ball consistently. He has done an impressive job cutting down on his
strikeouts (just 64 in 454 at bats in '05, as opposed to 95 in 465 ABs in '04)
but still gets pull conscious and ends up grounding the ball to the right side
too often. It was no surprise that after Richar apparently turned the
corner in July, hitting .327 with four homers, he immediately went south in
August, hitting just .278 with eight homers. When he wants the ball to
leave the park, things don't go well.
"He was 21 and already had three solid pro seasons under his belt,"
Diamondbacks Vice President of Scouting Operation Mike Rizzo says, "and he's
inconsistent, but lots of guys are going to be at that age."
For Richar the key is finding the balance. With the added muscle the
bombs are going to come on their own, hitting the ball hard doesn't mean hitting
Baserunning and Speed: Richar can flat out fly, when he's at
full strength. A series of leg and ankle injuries, none serious, all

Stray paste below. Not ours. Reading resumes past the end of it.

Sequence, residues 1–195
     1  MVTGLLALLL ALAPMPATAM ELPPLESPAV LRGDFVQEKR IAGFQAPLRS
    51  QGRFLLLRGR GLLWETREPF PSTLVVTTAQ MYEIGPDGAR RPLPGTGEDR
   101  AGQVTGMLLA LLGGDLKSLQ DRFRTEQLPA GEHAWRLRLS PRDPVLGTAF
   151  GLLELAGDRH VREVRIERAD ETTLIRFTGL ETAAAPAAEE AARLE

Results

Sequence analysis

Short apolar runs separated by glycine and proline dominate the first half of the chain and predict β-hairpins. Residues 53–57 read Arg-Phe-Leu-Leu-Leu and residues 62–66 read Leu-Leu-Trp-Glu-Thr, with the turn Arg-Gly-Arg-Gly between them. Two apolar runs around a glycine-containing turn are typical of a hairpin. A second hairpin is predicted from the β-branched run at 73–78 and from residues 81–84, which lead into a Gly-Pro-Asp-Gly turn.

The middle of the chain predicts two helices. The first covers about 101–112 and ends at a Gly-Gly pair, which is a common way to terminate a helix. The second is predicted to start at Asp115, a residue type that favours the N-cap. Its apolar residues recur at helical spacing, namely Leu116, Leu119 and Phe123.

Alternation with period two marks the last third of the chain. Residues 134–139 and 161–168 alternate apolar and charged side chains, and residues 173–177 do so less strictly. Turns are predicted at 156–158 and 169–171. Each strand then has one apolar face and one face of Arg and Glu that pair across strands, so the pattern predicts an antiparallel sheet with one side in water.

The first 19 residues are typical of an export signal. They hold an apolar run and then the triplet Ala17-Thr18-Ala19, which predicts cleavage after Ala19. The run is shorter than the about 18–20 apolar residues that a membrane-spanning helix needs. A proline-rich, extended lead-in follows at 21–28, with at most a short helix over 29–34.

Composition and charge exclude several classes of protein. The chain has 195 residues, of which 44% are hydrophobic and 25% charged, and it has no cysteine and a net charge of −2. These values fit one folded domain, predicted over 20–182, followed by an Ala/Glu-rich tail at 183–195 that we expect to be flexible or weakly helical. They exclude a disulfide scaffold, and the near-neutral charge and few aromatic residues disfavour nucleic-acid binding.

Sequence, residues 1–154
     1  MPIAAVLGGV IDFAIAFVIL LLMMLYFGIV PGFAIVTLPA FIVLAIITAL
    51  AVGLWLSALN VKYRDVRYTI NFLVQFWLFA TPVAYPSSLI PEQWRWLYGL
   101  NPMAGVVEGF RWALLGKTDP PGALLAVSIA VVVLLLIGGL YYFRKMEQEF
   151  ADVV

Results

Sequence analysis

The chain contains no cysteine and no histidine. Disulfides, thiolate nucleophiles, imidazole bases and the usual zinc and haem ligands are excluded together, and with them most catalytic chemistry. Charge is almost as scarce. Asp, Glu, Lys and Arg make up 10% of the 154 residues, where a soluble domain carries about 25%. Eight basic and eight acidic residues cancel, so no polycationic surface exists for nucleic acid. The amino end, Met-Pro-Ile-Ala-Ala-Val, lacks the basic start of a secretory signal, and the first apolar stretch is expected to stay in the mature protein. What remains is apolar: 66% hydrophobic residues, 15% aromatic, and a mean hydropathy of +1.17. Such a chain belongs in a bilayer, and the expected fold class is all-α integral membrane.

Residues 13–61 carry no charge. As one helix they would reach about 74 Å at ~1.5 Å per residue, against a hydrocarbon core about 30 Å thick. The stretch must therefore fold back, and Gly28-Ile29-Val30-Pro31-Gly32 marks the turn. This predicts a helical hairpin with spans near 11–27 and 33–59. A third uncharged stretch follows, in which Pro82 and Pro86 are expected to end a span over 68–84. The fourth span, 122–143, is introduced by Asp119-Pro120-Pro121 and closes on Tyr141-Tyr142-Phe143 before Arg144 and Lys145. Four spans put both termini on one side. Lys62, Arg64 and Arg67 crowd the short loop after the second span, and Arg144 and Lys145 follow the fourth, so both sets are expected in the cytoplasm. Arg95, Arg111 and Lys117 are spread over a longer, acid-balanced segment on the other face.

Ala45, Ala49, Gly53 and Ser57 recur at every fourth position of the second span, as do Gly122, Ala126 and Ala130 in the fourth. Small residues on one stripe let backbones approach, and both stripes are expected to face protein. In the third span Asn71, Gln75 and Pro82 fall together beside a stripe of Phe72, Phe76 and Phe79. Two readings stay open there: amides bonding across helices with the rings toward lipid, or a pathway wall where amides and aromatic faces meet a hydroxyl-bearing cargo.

painful, limited his stolen base total to just nine in '05, after he swiped 24
the season before. He's aggressive to a fault on the bases, something the
Diamondbacks are hoping Brett Butler, Lancaster's new manager, can help him
address, but as far as pure speed is concerned he's among the top 20 in the
Playing under control is becoming a theme when talking about Richar, and on
the bases is as good as anywhere to start. Being a top notch base stealer
is as much a gift as it is learned, but being a great baserunner simply takes
discipline, and Richar appears to be slowly developing that.
Defense: This is where Drew/Upton might actually be doing Richar
a favor. At one point in the season he led all the minor leagues in
errors, and his 32 put him among the leaders overall at the end of the year.
Richar has a cannon for an arm, but his footwork has been a thorn in the
Diamondbacks side from day one. He tends to throw flat footed far more
often than he needs to, and is the type of player that will make a spectacular
play, and the muff the routine grounder.
Of course, at second base throwing flat footed is the norm, and the focus can
be learned. After Drew signed and claimed the shortstop job, Richar saw
extensive time at second base, and that might be his clearest shot to the
Majors. His speed led some to believe that center field might be his